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Dalli, S.S., da Silva, S.S., Uprety, B.K. and Rakshit, S.K. (2017) Enhanced Production of Xylitol from Poplar Wood Hydrolysates through a Sustainable Process Using Immobilized New Strain Candida tropicalis UFMG BX 12-a. Applied Biochemistry and Biotechnology, 1-12.
https://doi.org/10.1007/s12010-016-2381-4

has been cited by the following article:

  • TITLE: Sustainable Production of Microbial Lipids from Lignocellulosic Biomass Using Oleaginous Yeast Cultures

    AUTHORS: Jung-Eun Lee, Praveen V. Vadlani, Doohong Min

    KEYWORDS: Trichosporon oleaginosus, Lipomyces starkeyi, Cryptococcus albidus, Lignocellulosic Hydrolysates, Sorghum Stalks, Switchgrass

    JOURNAL NAME: Journal of Sustainable Bioenergy Systems, Vol.7 No.1, March 24, 2017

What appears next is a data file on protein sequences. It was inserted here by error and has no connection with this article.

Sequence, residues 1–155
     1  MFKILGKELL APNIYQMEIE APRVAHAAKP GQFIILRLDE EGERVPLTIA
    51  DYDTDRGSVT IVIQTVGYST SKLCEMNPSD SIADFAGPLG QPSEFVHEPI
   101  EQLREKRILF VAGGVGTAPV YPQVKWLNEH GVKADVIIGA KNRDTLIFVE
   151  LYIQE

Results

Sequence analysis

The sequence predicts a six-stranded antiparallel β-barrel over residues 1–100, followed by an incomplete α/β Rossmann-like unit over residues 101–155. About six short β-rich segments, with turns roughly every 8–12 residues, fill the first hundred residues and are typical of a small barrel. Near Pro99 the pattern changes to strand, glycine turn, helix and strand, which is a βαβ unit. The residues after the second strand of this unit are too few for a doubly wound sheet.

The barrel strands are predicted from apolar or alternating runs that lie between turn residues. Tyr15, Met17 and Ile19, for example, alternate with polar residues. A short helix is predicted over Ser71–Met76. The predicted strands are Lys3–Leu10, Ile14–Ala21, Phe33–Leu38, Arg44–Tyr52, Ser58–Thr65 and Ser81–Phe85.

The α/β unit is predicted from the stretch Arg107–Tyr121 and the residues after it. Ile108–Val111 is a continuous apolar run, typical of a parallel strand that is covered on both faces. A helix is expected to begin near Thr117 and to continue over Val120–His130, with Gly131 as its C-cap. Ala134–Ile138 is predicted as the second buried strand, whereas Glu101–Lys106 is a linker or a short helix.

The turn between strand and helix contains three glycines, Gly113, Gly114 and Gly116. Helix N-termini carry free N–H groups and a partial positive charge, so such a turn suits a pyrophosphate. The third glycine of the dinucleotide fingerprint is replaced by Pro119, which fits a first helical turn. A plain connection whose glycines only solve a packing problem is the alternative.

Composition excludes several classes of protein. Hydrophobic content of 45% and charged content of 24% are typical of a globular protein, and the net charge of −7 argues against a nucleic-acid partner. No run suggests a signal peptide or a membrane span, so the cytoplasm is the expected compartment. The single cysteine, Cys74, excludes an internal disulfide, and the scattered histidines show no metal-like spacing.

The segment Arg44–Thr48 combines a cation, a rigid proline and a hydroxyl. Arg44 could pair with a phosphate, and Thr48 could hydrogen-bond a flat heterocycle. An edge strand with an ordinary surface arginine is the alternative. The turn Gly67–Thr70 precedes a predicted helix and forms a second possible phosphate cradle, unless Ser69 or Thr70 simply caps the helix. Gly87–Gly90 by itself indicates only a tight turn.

ABSTRACT: Microbial lipids derived from oleaginous yeast could be a promising resource for biodiesel and other oleochemical materials. The objective of this study was to develop an efficient bioconversion process from lignocellulosic biomass to microbial lipids using three types of robust oleaginous yeast: T. oleaginosus, L. starkeyi, and C. albidus. Sorghum stalks and switchgrass were utilized as feed-stocks for lipid production. Among oleaginous yeast strains, T. oleaginous showed better performance for lipid production using sorghum stalk hydrolysates. Lipid titers of 13.1 g·L-1 were achieved by T. oleaginosus, using sorghum stalk hydrolysates with lipid content of 60% (wt·wt-1) and high lipid yield of 0.29 g·g-1, which was substantially higher than the value reported in literature. Assessment of overall lipid yield revealed a total of 14.3 g and 13.3 g lipids were produced by T. oleaginosus from 100 g of raw sorghum stalks and switchgrass, respectively. This study revealed that minimization of sugar loss during pretreatment and selection of appropriate yeast strains would be key factors to develop an efficient bioconversion process and improve the industrial feasibility in a lignocellulose-based biorefinery.